In the wake of the release of several candid celebrity photos, Apple vowed to increase iCloud security. Whoever got hold of and distributed those photos is believed to have done so via Apple’s iCloud, which was trusted to be more secure than has been proven. A new alert is an early attempt at delivering on the promise of added security measures, but is it enough?
Speaking to The Wall Street Journal a few days ago, Tim Cook vowed that iCloud would be more secure moving forward. Though Cook stopped short of admitting Apple’s cloud storage system was compromised in any way, he did concede that Apple could — and would — do more.
Part of that effort is alerts, which have already begun showing up. iCloud has long been mobile-centric, but is increasing its web presence with beta versions of things like Pages as well as a dedicated landing page. Should you (or someone else) access your iCloud account from the web, you’ll start seeing alerts. Those alerts come in the form of emails, much like you see when you change your password in Apple’s system.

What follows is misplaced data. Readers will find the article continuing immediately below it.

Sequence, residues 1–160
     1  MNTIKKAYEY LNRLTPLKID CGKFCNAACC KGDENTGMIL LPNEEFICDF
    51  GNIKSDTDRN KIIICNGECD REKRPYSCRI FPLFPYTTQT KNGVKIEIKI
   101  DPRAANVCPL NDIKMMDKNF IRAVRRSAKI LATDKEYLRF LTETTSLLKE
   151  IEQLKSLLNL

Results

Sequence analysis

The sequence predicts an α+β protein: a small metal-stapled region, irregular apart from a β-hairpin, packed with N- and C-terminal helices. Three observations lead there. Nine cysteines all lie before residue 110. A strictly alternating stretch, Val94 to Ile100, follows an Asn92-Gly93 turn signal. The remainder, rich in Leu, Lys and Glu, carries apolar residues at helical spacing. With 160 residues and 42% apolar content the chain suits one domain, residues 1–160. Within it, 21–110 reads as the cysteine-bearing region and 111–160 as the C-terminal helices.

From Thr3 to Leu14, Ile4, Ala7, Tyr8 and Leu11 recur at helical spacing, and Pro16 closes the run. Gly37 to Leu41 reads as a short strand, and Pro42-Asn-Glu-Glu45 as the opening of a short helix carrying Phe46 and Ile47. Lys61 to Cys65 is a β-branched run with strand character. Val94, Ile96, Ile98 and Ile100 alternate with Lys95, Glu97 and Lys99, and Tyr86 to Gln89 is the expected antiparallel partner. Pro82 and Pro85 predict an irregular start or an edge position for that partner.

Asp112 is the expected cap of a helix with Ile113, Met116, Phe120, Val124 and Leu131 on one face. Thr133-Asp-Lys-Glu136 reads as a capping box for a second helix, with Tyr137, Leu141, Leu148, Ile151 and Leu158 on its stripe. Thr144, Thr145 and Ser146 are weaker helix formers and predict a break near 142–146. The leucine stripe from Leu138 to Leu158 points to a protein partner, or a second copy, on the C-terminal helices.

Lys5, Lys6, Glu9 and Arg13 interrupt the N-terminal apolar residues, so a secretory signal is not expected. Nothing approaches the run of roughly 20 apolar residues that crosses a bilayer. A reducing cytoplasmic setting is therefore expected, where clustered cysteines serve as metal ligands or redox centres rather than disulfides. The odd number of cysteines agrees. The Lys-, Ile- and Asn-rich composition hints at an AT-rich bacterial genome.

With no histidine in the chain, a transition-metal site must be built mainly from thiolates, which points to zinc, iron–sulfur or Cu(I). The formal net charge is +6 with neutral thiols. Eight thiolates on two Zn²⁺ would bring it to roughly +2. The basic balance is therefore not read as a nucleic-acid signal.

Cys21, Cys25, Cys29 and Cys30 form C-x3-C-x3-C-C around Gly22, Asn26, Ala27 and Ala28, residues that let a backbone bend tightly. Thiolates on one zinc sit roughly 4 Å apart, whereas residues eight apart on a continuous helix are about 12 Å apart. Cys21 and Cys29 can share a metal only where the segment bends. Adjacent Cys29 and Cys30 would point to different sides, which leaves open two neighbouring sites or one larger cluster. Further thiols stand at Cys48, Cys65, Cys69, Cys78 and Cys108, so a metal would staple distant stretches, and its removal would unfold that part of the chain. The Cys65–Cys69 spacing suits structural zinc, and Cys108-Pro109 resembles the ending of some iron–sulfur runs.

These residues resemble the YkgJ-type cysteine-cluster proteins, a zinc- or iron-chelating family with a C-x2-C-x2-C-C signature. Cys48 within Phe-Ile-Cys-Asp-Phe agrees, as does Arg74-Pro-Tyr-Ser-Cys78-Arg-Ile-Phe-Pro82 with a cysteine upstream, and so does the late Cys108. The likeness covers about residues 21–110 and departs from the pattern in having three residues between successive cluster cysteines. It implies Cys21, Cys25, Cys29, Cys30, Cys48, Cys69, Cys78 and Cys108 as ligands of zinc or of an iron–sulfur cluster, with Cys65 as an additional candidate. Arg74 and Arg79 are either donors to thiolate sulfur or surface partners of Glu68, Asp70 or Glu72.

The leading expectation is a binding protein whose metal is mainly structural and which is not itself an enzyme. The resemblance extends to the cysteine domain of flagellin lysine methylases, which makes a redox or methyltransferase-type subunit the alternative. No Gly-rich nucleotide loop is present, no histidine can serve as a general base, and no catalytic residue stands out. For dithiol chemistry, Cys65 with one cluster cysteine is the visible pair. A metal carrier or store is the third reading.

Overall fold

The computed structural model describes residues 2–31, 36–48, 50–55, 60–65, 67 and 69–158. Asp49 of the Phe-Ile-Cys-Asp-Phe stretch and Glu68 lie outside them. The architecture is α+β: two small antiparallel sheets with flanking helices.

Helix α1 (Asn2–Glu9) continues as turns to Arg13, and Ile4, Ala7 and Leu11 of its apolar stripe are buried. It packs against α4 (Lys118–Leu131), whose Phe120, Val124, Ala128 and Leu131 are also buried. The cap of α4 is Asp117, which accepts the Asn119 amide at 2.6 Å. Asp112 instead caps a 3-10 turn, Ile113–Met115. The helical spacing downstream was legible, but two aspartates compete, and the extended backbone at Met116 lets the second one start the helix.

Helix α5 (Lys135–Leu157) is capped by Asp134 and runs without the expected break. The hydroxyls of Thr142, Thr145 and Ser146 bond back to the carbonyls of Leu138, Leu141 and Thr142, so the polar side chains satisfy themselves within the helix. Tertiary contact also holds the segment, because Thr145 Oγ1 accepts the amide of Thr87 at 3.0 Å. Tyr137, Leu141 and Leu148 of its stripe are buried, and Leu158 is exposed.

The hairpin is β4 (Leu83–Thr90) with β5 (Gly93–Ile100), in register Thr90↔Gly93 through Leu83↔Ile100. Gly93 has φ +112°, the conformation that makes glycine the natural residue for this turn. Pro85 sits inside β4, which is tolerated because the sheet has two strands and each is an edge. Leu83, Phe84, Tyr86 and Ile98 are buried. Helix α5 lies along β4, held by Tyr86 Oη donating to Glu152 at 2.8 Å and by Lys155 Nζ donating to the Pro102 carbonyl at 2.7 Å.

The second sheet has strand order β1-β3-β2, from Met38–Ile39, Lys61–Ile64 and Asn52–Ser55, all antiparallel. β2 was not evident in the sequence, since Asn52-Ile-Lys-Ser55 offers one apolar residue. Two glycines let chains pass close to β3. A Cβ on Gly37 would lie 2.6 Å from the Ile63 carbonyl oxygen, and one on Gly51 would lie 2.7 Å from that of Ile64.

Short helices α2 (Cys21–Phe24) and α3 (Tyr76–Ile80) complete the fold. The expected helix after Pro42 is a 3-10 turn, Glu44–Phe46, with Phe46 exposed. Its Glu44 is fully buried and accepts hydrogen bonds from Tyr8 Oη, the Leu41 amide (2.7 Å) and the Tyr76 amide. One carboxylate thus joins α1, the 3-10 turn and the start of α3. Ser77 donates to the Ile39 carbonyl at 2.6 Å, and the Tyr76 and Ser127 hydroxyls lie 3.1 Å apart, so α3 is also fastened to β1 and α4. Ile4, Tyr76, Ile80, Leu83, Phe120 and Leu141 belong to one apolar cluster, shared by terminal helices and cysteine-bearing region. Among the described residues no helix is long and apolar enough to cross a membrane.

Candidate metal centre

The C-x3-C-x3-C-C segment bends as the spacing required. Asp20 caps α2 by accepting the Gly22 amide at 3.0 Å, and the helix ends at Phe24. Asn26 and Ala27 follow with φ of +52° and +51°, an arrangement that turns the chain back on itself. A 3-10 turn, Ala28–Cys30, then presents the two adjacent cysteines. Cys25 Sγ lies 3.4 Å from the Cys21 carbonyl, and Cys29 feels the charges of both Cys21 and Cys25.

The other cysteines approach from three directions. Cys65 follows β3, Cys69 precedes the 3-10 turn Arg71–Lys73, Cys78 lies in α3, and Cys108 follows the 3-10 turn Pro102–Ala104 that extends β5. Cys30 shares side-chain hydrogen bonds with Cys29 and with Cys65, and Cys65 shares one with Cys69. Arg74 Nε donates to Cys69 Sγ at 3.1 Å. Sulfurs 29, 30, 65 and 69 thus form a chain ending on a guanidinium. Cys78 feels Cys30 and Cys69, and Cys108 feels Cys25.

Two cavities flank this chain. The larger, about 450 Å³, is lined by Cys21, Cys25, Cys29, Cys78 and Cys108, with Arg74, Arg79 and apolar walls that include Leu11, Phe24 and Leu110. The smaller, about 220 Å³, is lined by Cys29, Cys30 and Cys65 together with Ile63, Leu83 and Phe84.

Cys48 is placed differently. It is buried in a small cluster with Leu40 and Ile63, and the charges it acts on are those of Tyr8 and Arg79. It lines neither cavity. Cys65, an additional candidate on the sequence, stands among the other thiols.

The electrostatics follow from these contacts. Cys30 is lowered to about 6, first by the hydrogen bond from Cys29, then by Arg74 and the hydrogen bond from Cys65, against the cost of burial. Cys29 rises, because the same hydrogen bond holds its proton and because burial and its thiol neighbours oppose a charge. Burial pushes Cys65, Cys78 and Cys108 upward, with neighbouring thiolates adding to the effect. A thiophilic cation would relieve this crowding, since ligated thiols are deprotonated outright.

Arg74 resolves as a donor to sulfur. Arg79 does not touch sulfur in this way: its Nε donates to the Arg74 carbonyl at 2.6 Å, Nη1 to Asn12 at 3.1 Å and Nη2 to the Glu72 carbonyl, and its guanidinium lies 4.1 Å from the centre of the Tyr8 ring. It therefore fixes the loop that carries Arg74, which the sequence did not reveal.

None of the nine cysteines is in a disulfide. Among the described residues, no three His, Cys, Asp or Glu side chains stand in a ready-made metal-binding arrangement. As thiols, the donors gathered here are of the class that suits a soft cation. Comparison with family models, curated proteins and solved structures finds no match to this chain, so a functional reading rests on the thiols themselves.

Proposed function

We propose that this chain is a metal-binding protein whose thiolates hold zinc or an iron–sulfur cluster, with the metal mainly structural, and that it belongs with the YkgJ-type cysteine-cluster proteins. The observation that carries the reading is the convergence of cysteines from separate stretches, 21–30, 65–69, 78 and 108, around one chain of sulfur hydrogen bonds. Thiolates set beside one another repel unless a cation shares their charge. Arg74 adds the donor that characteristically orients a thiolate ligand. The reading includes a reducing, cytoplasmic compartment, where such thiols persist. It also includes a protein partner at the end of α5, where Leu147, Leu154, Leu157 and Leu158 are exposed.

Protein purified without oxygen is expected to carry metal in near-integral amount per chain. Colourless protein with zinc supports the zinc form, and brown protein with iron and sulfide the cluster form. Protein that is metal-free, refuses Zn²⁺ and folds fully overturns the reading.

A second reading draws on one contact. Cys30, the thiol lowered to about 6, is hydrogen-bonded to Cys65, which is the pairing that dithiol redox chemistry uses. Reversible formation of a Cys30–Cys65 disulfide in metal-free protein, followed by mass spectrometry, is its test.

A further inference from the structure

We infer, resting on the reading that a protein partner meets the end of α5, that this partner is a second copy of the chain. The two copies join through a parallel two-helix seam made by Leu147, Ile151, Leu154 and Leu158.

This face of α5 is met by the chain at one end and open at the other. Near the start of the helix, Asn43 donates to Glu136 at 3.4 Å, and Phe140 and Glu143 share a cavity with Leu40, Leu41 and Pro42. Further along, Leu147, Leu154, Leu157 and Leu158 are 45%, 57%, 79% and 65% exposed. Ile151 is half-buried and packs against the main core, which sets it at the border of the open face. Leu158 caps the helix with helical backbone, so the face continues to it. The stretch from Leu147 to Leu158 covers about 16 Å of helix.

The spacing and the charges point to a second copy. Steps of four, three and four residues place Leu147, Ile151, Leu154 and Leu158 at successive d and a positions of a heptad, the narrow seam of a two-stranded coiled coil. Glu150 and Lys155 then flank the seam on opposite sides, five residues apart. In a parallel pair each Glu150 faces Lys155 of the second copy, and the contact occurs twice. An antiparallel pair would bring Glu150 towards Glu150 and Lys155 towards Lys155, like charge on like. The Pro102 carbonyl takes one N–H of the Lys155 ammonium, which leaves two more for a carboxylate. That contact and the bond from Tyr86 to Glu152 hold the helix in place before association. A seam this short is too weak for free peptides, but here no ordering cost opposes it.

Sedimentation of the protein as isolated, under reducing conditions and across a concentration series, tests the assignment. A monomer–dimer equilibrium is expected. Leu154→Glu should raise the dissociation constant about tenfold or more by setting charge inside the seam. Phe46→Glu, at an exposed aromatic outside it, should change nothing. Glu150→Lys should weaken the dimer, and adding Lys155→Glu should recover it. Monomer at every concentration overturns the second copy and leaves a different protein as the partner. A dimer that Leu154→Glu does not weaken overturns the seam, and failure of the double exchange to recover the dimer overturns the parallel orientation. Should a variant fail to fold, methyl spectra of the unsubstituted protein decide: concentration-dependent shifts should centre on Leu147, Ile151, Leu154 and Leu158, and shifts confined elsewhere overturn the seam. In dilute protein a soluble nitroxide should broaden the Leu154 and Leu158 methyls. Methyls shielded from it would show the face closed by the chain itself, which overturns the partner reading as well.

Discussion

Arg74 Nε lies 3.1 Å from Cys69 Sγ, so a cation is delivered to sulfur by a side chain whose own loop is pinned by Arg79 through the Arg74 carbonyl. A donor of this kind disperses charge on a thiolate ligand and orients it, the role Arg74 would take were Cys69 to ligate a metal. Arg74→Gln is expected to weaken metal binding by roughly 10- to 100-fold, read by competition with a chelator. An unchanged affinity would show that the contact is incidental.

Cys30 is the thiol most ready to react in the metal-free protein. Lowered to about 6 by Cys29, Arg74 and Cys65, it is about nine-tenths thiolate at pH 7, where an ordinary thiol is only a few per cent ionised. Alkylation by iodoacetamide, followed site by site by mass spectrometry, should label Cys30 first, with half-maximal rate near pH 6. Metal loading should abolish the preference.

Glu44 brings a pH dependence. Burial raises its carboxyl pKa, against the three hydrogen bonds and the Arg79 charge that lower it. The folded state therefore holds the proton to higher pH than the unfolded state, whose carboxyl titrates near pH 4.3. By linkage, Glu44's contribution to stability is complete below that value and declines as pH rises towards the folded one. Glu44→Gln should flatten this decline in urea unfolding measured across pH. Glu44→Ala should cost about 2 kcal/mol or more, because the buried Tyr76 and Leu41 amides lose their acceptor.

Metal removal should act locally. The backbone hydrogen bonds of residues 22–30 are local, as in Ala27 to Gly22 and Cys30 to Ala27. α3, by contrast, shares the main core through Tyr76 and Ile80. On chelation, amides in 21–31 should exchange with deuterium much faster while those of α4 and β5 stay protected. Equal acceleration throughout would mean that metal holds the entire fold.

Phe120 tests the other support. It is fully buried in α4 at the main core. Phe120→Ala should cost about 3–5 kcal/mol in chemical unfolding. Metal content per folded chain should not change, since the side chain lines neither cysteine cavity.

Of course, this isn’t a security stopgap. If someone other than you accessed your iCloud account, they may have made off with documents or pictures. All you’d really get is an early notification, and a prompt to change your password if necessary. Still, it shows Apple is taking the cloud seriously, and is continually working on fixing issues as they see fit.